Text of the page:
First things first. Even though this is a 1996 Ford Bronco, we know there will be readers diving into the comments with OJ Simpson jokes from his infamous 1994 police chase. So let’s just get it out of the way so we can focus on what really matters here. How much juice is loose from this Bronco after 25 years and 212,000 miles? There, we said it so let’s move on.
1996 was the last year for the big Bronco, and while it’s technically the Bronco’s fifth generation, all those but the first were tied directly to the full-size Ford F-Series trucks. As such, there’s a big frame underneath with a choice of big engines up front. In this case, that engine is Ford’s 5.8-liter pushrod V8 and according to the video from Late Model Restoration, it’s completely stock through and through.
It looks fantastic, but apparently it hasn’t been a garage queen. Over the course of 25 years it’s racked up 212,000 miles, though we’ll assume it’s been reasonably maintained during that time. The old-school V8 sends power through a four-speed automatic transmission, and since it has available four-wheel drive, a transfer case is part of the horsepower journey from engine to ground. According to the video, there’s an expected driveline loss of around 18 percent between the crankshaft and the wheels. The old slushbox and transfer case really zap the power.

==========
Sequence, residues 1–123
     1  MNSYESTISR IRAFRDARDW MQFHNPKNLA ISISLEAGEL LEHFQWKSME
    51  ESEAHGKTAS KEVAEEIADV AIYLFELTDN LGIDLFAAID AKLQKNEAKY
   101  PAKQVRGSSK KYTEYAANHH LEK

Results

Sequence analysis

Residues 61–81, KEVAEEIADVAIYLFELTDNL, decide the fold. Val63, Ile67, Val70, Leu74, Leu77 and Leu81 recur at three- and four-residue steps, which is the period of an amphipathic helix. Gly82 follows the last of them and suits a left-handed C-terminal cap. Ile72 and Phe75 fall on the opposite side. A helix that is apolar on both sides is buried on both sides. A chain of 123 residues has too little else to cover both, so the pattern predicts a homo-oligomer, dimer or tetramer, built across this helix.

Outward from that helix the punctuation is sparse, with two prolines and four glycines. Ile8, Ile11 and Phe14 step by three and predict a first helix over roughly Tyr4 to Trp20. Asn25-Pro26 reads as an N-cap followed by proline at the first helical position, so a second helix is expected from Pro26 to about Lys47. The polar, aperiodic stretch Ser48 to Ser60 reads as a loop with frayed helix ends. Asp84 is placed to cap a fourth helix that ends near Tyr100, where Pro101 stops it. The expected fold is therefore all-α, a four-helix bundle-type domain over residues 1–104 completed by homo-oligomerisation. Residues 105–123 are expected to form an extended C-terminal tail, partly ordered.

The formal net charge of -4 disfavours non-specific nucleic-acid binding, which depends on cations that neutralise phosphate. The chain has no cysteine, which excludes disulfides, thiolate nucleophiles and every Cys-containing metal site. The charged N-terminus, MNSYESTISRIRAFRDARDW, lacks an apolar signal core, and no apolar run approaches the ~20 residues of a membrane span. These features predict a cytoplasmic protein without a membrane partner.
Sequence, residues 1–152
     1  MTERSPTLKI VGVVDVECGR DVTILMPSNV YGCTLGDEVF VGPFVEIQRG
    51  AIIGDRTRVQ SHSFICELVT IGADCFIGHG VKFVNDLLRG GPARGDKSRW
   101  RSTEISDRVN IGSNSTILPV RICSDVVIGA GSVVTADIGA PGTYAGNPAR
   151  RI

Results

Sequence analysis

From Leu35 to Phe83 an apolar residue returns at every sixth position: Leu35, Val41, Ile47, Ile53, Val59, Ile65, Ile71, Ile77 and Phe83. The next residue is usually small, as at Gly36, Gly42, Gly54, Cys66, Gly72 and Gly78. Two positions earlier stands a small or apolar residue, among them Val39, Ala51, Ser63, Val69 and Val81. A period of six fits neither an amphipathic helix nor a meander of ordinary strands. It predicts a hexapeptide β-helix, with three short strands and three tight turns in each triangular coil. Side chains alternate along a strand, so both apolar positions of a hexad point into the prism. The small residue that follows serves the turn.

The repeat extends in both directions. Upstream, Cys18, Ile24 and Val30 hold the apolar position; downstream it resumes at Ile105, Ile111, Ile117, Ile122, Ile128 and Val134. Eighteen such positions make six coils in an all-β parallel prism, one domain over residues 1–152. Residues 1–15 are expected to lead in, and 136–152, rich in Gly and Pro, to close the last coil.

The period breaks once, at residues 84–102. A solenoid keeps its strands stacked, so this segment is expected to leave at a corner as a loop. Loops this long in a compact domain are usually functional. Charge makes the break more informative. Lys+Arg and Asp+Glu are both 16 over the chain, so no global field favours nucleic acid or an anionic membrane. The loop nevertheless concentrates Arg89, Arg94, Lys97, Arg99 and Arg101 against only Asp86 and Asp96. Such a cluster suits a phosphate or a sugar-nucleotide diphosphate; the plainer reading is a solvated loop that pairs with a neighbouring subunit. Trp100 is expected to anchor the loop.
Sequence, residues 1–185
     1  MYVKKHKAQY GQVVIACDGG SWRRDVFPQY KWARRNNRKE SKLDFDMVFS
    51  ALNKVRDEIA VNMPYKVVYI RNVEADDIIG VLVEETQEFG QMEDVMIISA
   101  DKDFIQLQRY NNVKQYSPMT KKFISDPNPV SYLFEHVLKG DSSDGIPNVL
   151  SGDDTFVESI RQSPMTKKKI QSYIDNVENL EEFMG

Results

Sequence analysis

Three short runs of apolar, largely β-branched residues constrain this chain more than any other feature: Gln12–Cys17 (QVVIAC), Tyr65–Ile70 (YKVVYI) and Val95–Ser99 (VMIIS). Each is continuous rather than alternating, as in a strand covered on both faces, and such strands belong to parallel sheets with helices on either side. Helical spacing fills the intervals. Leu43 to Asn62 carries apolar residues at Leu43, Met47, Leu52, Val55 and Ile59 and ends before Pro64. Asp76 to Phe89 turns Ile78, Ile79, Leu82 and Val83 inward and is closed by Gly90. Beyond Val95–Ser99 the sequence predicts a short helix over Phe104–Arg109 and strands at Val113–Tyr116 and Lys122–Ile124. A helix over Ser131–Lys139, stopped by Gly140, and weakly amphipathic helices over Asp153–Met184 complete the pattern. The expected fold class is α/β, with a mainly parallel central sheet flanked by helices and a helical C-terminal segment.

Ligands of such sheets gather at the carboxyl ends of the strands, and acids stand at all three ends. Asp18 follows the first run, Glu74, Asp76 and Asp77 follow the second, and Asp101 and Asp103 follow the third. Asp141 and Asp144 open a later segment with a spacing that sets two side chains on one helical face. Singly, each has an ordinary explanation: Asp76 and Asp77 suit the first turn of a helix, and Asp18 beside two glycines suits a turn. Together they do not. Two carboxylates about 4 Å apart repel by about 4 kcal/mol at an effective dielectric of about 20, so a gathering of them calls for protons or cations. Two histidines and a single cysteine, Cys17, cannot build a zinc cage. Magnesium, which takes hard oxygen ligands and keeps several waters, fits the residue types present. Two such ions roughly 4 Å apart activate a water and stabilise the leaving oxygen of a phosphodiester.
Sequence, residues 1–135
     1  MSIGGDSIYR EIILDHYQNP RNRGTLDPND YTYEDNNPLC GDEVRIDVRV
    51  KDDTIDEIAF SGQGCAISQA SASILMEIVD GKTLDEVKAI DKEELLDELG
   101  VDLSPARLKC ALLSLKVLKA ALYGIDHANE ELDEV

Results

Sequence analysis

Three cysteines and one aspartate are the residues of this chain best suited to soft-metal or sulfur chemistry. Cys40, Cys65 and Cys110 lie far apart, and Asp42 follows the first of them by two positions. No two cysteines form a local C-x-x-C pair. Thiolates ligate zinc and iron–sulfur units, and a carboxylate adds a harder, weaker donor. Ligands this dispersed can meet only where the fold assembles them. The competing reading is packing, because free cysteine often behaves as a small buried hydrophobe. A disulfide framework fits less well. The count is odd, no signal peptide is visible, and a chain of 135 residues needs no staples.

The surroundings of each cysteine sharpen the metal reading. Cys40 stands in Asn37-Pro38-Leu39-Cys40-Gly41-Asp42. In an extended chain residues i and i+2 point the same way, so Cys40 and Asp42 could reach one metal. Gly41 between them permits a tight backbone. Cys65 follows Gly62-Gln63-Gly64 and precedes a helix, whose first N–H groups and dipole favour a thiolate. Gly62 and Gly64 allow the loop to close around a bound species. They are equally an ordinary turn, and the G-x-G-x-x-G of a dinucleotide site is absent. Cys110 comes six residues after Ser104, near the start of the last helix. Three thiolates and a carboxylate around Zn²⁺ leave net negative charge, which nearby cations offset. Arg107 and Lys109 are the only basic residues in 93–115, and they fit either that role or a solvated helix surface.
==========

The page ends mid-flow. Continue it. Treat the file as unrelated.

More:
In stock trim, the 5.8-liter Bronco was rated at 205 horsepower (153 kilowatts) and 328 pound-feet (445 Newton-meters) of torque. Yes, it sounds pretty soft by modern standards, especially when a new Bronco puts out nearly 100 more ponies from a turbocharged 2.3-liter four-cylinder. But hey, that’s a quarter-century of technological advancement for you. In context for its time, the V8 in the old rig was just fine.
But this isn’t 1996. This is 2021 and 212,000 miles isn’t anything to sneeze at. With a single pull on the chassis dyno, the classic SUV returned 165 hp (123 kW) and 260 lb-ft (353 Newton-meters) of torque. With an ever-so-slightly higher driveline loss of 19 percent, power at the wheels lines up with the original power ratings at the crankshaft. Not too shabby for a well-used off-roader from the 1990s. Not shabby at all.